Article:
image descriptionYour Advocate After an Injury

Connecticut Personal Injury Law Blog

Malpractice, the third leading cause of death in the States

Heart disease is the leading cause of death in the United States. Then comes cancer, in all of its varieties. What would you guess is next? According to the Journal of the American Medical Association, the answer is medical malpractice.

A lot of people are surprised by this figure, not knowing just how dangerous doctors' errors can be. They trust doctors to help heal them and prolong their lives. While they undoubtedly do this, it appears that medical mistakes are also taking lives at an astounding rate.

Adverse events at Connecticut hospitals

According to a new Connecticut Department of Public Health report, there were 24 cases last year in hospitals in the state where surgeons left foreign objects inside their patients. In addition, there were four instances where a patient had the wrong surgical procedure done. There was even a case where someone impersonated a doctor and ordered a patient's care.

Does this mean that you should go to another state to have surgery? Overall, the numbers for "adverse events" went down by 12 percent in 2014 from the prior year. These errors decreased from 534 to 471.

$9.6 million medical malpractice judgement awarded to child

Birth injuries can be very serious and result in life-altering injuries for both the mother and the child. When a child's birth injury occurred because the physician or other medical staff did not provide the standard of care that another doctor or member of the medical staff would in the same situation, that is considered medical malpractice.

For a 3-year-old child across the country, a decision to wait to deliver her has resulted in a large medical malpractice award - $9.6 million. The child's mother was also awarded $250,000 because of the emotional distress she suffered during the child's delivery.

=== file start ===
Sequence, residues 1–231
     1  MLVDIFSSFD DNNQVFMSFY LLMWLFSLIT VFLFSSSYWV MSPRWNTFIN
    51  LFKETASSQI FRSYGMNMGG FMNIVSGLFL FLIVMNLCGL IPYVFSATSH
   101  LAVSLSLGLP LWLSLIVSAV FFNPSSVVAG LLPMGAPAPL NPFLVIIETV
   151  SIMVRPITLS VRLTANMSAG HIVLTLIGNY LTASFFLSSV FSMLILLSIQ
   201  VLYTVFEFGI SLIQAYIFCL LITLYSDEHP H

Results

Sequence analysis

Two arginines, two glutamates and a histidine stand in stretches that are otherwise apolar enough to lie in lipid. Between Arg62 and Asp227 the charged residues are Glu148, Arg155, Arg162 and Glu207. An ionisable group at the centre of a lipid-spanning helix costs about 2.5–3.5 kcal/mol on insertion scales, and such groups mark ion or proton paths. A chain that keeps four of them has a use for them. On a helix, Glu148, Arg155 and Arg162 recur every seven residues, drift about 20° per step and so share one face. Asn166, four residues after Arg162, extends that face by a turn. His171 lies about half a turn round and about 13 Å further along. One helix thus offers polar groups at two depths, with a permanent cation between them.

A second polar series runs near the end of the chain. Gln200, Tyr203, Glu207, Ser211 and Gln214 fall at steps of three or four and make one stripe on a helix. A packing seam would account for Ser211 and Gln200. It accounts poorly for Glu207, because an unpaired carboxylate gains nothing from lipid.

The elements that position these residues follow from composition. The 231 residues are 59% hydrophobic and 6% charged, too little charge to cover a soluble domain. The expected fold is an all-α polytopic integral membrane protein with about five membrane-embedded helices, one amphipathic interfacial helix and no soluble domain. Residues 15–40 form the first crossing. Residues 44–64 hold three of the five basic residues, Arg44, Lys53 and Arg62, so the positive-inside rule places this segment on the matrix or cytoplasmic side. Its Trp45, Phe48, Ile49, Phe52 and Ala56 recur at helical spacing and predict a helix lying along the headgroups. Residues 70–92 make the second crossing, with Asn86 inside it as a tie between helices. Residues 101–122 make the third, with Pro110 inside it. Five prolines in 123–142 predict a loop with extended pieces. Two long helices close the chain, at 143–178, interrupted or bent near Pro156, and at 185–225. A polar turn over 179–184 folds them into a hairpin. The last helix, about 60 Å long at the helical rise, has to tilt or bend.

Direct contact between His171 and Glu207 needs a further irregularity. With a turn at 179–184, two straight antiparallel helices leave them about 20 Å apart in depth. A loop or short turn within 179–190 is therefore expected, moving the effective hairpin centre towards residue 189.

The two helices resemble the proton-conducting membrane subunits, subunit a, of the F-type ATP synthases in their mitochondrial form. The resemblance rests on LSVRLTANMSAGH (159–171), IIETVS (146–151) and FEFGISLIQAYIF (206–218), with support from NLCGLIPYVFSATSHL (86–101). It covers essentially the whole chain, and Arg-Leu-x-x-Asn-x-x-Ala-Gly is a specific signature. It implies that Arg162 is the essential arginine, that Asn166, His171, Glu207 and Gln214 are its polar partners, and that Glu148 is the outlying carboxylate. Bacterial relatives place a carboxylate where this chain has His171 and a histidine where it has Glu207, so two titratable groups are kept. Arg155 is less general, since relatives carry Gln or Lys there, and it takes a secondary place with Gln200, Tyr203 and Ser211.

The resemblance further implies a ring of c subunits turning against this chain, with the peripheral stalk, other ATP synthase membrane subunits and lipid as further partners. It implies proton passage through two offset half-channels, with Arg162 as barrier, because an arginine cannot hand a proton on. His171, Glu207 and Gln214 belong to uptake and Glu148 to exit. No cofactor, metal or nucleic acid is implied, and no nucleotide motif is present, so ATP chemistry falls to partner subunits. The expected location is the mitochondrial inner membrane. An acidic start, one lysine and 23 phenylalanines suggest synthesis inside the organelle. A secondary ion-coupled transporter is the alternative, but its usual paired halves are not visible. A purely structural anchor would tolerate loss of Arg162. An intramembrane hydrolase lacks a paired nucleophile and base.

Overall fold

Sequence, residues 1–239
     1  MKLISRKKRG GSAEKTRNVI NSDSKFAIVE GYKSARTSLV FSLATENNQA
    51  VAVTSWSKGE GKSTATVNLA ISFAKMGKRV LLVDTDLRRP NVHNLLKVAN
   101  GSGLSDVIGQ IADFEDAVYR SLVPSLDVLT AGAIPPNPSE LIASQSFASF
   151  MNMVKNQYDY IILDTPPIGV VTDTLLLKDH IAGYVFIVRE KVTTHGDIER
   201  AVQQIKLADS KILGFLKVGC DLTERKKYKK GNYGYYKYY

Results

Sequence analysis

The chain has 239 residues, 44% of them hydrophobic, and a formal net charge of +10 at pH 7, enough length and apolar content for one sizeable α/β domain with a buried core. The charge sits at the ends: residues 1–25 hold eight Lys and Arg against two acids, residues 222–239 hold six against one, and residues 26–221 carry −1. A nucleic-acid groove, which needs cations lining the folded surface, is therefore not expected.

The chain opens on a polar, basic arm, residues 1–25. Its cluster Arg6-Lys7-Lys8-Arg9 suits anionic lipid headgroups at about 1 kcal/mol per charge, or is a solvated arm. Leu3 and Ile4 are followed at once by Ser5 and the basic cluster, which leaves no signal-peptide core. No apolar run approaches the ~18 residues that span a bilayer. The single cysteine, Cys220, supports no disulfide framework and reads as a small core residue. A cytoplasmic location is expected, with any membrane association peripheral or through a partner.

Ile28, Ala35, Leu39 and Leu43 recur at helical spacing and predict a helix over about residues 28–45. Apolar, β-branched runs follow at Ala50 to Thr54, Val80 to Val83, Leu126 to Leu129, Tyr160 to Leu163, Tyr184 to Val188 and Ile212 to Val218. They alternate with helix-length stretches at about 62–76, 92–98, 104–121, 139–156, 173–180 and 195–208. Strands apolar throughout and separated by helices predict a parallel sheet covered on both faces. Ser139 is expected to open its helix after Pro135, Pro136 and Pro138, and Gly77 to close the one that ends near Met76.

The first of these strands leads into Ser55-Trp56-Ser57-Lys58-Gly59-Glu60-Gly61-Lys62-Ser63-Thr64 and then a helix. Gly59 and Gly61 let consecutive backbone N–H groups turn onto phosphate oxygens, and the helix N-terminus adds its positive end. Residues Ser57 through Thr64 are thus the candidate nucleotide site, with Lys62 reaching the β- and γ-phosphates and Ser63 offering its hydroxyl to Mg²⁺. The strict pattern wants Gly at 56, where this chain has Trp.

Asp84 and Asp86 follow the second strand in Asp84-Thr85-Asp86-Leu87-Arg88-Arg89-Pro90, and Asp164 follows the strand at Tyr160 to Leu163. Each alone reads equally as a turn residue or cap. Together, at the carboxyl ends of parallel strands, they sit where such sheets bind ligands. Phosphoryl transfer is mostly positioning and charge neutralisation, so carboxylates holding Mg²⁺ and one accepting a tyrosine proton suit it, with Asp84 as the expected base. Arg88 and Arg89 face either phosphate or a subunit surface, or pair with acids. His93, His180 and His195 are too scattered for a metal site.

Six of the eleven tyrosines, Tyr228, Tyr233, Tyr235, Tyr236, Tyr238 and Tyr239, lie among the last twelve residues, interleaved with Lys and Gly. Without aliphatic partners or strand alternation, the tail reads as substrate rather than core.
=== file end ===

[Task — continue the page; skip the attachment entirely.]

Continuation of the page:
Tips for staying safe on the roads on Halloween

When people think of holidays when the most accidents occur, most think of New Year's Eve and other holidays where there tends to be a lot of drinking. However, according to the National Highway Traffic Safety Administration, Halloween is consistently one of the top three days of the year for pedestrian injuries and also fatalities.

Many Halloween accidents do involve drunk drivers. However, there are other factors that make this holiday a recipe for collisions involving pedestrians and drivers. Fortunately, some reasonable precautions by both parents of trick-or-treaters and those who are behind the wheel can make the night a safer one for everyone.

Paralyzed man wins $9.2 in medical malpractice case

A man has been awarded one of the largest jury verdicts in a Minnesota medical malpractice case. While this case didn't take place in Connecticut, it shows how someone going to the hospital for something as minor as flu-like symptoms ended in paralysis.

The 51-year-old man, who owned a mechanic's shop, went to a hospital for flu-like symptoms in 2012. He received fluids until doctors found that he had a perforated bowel and surgery was scheduled.

Good Samaritan laws may not apply to gross negligence